I "get" what group selection is, as you know, at the high level it's not a difficult concept. But my point in an earlier argument is that the idea of group selection can logically only mean one thing, and it is not the idea that somehow the group can flourish while the individuals are slowly dying out, due to actual decreased fitness, that is a logical paradox that cannot be resolved. There seems to be exceptionally high expectations from group selection in this sense. Unrealistic expectations.

If you take away that paradoxical definition of group selection, and consider the only logical alternative, 'group selection' now becomes how can the group of individuals evolve in a way in which changes how the individual survives to benefit not just itself but also the group, but not the degree to which the individual survives. In this sense of group selection, evolution at the 'gene level' is not forbidden from partaking in group selection. Remember, if the degree to which the individual was able to survive decreased, if it was actual decreased fitness, we arrive back at the paradox where somehow the group is flourishing while all the individuals of that group are dead.

Comment by Wiseman on Natural Selection's Speed Limit and Complexity Bound · 2007-11-08T23:49:00.000Z · LW · GW

Eliezer: "If the entire human genome of 3 billion DNA bases could be meaningful, it's not clear why it would contain <25,000 genes"

I wouldn't say we know enough about biological mechanics to say we necessarily need more protein coding-DNA that protein-regulating DNA. If you think about it, collagen the protein is used in everything from skin, tendons, ligaments, muscles, fascia, etc. But you can't code for all of those uses of collagen just by HAVING the collagen code in the DNA, you need regulating code to instruct when/where/how to use it.

Also, as I explained earlier, it seems doubtful that you could ever calculate the maximum sustainable DNA that actually codes, unless you know how many mutations are detrimental. You might be able to come up with a mathematical relationship, but not an absolute amount that would rule all that human DNA is junk.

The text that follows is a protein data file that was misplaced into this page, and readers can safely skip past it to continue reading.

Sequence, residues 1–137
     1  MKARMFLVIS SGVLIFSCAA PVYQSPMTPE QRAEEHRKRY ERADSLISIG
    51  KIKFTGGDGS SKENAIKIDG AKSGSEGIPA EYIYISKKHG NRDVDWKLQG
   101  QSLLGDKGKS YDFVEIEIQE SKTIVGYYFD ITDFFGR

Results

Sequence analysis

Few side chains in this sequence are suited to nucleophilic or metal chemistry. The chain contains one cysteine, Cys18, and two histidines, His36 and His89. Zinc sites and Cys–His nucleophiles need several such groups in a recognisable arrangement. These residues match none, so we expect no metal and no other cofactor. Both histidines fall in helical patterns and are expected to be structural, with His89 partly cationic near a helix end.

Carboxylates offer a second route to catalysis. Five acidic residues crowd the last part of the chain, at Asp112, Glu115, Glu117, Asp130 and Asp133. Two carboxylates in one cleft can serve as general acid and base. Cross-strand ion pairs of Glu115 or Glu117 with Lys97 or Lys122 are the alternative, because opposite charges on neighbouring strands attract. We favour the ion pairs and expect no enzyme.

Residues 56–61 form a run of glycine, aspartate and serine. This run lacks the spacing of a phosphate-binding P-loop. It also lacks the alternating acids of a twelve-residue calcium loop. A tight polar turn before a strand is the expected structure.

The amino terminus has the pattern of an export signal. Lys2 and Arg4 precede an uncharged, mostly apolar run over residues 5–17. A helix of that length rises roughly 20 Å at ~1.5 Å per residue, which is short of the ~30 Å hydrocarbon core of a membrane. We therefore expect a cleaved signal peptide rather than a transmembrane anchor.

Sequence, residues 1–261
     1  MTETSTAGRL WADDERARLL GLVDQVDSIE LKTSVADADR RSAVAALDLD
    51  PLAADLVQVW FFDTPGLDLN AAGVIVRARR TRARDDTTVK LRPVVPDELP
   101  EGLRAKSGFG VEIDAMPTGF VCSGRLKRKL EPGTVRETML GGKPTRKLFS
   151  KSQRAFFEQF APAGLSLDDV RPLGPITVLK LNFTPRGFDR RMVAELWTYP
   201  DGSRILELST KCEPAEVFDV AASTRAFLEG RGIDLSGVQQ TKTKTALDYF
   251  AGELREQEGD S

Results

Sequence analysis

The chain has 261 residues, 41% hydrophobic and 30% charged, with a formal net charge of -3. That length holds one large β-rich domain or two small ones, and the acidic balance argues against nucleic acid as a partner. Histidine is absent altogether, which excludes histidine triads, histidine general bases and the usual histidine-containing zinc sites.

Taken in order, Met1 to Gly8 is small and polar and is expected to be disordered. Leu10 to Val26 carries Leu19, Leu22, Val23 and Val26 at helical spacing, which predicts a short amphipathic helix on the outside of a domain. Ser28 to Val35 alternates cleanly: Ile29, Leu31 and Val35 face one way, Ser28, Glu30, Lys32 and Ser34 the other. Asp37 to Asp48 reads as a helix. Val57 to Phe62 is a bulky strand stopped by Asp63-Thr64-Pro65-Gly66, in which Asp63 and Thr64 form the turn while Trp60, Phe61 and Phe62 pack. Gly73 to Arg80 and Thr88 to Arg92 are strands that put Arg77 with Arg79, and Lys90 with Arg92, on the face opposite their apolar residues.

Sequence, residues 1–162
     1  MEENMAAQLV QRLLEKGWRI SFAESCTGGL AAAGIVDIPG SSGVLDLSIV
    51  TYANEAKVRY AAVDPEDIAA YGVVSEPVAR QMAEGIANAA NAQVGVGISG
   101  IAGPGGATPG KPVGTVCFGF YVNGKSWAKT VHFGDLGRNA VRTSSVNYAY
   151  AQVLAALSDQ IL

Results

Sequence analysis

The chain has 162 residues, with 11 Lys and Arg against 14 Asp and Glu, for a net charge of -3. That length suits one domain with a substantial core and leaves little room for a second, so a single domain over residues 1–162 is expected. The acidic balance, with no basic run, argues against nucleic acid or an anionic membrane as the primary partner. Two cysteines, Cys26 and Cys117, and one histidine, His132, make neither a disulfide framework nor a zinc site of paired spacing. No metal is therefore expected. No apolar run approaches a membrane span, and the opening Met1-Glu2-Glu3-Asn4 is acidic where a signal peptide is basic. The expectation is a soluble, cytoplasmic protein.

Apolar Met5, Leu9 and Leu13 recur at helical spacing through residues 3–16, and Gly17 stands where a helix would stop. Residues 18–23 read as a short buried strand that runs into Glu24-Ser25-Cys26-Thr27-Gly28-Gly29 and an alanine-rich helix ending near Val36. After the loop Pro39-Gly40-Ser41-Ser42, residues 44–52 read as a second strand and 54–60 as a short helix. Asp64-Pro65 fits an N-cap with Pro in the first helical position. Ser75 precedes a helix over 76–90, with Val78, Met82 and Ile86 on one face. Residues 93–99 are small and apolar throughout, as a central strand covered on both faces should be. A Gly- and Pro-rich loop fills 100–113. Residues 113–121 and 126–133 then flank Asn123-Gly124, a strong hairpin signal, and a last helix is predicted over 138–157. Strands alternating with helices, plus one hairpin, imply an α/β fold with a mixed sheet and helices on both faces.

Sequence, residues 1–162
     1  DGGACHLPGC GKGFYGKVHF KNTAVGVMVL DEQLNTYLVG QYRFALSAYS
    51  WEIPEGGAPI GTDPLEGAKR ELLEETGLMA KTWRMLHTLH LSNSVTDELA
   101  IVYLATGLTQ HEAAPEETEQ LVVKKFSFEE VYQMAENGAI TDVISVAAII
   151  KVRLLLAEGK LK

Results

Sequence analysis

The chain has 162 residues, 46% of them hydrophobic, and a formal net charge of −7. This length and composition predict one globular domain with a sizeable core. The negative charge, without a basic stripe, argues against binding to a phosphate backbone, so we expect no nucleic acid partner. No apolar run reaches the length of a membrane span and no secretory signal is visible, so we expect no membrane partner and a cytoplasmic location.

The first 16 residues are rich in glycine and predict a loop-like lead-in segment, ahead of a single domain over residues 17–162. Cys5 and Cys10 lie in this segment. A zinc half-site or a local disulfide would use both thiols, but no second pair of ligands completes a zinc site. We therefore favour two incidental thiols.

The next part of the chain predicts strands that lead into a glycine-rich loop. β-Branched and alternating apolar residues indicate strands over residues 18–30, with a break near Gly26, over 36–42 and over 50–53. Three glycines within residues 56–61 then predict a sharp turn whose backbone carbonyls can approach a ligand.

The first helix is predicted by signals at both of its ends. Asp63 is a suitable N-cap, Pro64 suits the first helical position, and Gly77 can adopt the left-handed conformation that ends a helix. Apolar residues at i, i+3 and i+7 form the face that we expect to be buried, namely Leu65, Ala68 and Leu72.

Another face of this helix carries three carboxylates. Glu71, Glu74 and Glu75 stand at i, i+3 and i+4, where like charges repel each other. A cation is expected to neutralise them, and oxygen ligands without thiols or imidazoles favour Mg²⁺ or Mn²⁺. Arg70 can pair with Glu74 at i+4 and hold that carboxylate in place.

Comment by Wiseman on The Tragedy of Group Selectionism · 2007-11-08T23:18:54.000Z · LW · GW

"Once you are dealing with hominids, which may be the most important example, indeed "enforcement" may well be important. There is a growing lit on how reciprocal altruism ultimately depends on punishment of free riders, that is, enforcement."

That sounds to me like an example of an "Evolution Fairy".

Comment by Wiseman on The Tragedy of Group Selectionism · 2007-11-07T23:48:25.000Z · LW · GW

TGGP, your description of what group selection is is not in contradiction with mine. I merely described one isolated group, but the concept can apply to more than one of course. Imagine two groups of foxes and rabbits, one in which restraint is developed and selected for because of the greater health of their youth in times of famine, and one in which restraint is not in any gene, in which case the health of that population is generally lower than the restrained group, but still alive because it is not competing with any internal restrained-breeding individuals. This concept even works when the fox groups are isolated and the rabbit population is shared (however unlikely, that is possible.)

As for your last comment,

"However, all those populations would be vulnerable to the overbreeding mutation suddenly appearing, so it would not be a good explanation."

...I addressed the mechanics of why this wouldn't be a problem to group selection in my first post.

Comment by Wiseman on The Tragedy of Group Selectionism · 2007-11-07T22:28:39.000Z · LW · GW

Ok Kaj, I agree fast-breeders will at some points overwhelm slow/restrained breeders, at times where food is plentiful and greater than the amount needed to sustain the current fox population. But as long as that breeding goes unrestrained, the ecosystem enters a state which there exists less fox food than needed. As soon as that happens, restrained breeders have an inherint advantage because they waste less energy developing innevitably unviable fetuses. The important thing about this rule is it applies to any situation where they is less food than needed to sustain the current fox population. Even if it's only 99% enough food, the rule still applies. When I say 99% enough food to sustain the current population, I litterally mean that, and not states where there's less food so every fox has to go hungry sometimes. I mean metabolically, can the available food possibly sustain the current fox population? If not what's the advantage of giving birth to more cubs than could possibly survive anyway? How is that behavior going to lead to greater spreading of your genes? I don't see how it could.

I know it sounds like I'm repeating myself, but I just can't think of another way to state it. Perhaps it will come to me later.

Comment by Wiseman on The Tragedy of Group Selectionism · 2007-11-07T21:47:13.000Z · LW · GW